Elevance released an exceptionally vague press release on Monday this week announcing a strategic partnership with Private Equity firm Clayton, Dublier & Rice. The partnership will combine CD&R’s portfolio companies apree health and Millenium Physicians Group with care delivery and enablement assets from Carelon. Elevance’s earnings call shared more details related to the structure of the platform, most notably that Elevance currently owns a significant minority share and is planning to fully acquire the combined entity over the next five years. Analysts had several good questions for Elevance about the strategy, particularly given that Elevance has focused more lately on 1. specialty VBC and 2. local provider enablement. Elevance’s answers didn’t provide me with a ton of confidence that Elevance knows what the detail is beyond the overarching narrative here. It feels a bit like an opportunistic financial maneuver to move to a minority stake in care delivery assets for the next several years while rebuilding a full ownership stake over time. Link

Mental health provider Cerebral was in the news again this week, as the FTC has proposed an order that Cerebral stop using sensitive data to market to consumers. The FTC ordered Cerebral to pay roughly $15 million in penalties, but that amount is being reduced to $7 million as Cerebral doesn’t have the money to pay the full penalty. The complaint provides a lot of detail on Cerebral’s activities, including the fact that it spent $211 million on advertising in 2022, compared to $1.6 million on safety and quality. A lot of the attention in the complaint was on the activities of former CEO Kyle Robertson, who, among other things, appears to have actively encouraged the organization to employ tactics such as making cancellation nearly impossible to improve retention rates. Link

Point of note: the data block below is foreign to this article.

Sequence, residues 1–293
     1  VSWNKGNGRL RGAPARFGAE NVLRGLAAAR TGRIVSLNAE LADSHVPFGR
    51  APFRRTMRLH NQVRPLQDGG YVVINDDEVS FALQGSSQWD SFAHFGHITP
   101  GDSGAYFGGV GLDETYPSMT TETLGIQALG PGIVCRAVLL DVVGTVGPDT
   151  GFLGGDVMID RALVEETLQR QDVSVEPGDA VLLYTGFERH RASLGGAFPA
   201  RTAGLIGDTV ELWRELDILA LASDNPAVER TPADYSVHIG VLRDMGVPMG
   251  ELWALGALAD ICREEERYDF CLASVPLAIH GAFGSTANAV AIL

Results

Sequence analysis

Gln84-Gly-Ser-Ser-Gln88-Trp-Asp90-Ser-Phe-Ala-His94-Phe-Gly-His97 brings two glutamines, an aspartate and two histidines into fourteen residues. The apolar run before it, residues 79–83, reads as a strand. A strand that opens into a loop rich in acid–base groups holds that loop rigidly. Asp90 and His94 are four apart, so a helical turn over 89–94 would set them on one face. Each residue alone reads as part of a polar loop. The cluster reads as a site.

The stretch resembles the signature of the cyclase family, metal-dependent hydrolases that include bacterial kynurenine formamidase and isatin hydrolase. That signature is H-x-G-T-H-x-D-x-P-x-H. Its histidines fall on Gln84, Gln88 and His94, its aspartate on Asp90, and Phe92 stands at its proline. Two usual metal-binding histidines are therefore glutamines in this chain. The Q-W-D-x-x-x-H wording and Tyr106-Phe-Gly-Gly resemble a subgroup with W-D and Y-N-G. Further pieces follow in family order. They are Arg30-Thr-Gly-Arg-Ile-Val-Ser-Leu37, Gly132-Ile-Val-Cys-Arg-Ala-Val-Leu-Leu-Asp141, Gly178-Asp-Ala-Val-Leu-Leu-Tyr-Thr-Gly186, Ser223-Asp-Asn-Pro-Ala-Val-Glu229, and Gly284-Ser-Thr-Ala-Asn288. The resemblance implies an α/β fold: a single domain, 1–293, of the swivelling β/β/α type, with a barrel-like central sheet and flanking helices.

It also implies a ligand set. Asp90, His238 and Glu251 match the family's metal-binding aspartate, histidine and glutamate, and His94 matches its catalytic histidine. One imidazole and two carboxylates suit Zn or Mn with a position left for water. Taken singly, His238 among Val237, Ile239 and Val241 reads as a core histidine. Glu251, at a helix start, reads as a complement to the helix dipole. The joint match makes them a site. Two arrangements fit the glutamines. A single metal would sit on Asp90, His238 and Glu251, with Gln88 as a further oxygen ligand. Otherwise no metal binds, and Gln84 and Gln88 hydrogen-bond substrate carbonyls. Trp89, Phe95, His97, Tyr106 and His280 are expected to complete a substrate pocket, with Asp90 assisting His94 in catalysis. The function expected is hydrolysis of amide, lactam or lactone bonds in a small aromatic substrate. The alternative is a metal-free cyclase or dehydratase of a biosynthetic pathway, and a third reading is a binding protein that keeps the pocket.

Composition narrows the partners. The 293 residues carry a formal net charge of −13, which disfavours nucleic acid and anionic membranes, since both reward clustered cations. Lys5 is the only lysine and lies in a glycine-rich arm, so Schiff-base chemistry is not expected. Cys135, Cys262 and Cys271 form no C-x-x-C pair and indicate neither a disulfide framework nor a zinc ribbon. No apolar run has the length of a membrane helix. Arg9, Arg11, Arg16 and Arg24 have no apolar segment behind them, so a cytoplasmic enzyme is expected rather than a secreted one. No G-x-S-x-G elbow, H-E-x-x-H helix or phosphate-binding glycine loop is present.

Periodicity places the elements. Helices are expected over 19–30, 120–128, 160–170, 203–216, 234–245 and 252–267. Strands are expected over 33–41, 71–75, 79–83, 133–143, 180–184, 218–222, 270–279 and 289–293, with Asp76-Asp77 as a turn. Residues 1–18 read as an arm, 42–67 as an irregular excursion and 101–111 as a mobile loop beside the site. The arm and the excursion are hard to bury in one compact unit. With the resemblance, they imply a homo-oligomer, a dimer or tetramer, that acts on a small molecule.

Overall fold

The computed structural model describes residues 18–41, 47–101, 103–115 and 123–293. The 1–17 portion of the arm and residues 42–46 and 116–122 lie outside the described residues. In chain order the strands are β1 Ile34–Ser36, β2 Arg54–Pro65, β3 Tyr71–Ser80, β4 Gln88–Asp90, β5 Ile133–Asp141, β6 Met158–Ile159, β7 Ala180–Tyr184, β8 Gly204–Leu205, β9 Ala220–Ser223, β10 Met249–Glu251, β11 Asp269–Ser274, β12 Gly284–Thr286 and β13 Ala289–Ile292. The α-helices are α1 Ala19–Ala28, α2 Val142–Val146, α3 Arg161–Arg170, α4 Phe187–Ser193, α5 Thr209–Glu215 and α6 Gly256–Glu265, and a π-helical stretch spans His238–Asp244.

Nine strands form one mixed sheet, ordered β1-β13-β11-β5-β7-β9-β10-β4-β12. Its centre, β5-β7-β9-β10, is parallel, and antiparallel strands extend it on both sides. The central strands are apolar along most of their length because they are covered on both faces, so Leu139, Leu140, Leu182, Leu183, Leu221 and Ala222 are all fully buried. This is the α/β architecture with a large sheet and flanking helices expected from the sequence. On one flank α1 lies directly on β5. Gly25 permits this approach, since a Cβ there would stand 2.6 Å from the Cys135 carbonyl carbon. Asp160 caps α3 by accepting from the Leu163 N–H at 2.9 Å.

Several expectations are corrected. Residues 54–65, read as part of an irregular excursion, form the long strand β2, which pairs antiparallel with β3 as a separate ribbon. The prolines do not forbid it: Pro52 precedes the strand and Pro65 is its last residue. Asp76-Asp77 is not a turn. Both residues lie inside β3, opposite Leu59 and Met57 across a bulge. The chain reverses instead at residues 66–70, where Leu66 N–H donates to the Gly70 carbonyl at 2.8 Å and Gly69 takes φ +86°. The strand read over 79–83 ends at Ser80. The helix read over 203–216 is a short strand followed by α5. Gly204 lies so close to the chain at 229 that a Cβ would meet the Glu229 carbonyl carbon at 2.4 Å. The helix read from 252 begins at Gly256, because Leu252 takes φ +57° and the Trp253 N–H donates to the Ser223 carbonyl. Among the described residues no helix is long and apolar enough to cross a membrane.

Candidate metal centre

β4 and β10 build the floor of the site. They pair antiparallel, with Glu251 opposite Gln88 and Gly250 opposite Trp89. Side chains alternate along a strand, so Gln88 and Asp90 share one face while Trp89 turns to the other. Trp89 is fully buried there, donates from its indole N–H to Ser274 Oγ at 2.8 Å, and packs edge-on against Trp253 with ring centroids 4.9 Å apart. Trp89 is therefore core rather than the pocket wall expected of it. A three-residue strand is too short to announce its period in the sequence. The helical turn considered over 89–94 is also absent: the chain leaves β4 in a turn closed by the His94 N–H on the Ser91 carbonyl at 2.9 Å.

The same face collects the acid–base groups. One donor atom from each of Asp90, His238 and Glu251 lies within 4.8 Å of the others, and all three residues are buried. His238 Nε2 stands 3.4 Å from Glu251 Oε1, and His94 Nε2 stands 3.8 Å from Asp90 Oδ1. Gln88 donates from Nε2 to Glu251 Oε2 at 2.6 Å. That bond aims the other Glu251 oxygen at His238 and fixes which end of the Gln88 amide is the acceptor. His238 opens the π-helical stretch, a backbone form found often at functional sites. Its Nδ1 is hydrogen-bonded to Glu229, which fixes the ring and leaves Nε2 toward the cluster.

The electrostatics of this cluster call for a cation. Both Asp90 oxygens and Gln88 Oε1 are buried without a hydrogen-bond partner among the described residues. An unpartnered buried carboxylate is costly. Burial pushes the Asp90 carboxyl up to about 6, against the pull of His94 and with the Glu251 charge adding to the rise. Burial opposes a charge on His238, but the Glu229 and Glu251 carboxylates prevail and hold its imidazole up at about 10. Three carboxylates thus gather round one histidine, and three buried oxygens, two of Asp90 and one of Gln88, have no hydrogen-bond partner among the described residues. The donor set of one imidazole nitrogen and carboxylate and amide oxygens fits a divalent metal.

• Cerebral isn’t the only D2C healthcare startup to face a penalty like this from the FTC recently. Monument, which provides virtual alcohol addiction treatment, was also recently banned from using patient data for advertising purposes. Link

In other lawsuit news this week, two ACA broker call centers, TrueCoverage and EnhanceHealth have been sued for a scheme to dupe low-income individuals into ACA plans they didn’t know they were signing up for. EnhanceHealth is a notable name as Bain Capital launched the business back in 2021 with $150 million in capital. The complaint walks through how these brokers and a few other parties enticed individuals with the promise of free benefits that didn’t exist and then also switched plans on individuals without consent. Link

  • The complaint shines a spotlight on some of the shenanigans going on in the broker market. See the screen grab below as an example below. It highlights an email from a TrueCoverage regional director to sales reps who were concerned about whether they were misleading customers. It feels like it should be mounted on the walls of brokers’ offices around the country as an example of exactly what not to do. If you’re Bain Capital, this has to be the worst outcome imaginable here. The company you launched with $150 million is now facing RICO charges with another company that has emails like this in the public record talking about giving brokers a “Wheel Borrow full of CASH!” (yes, that’s actual text from the email)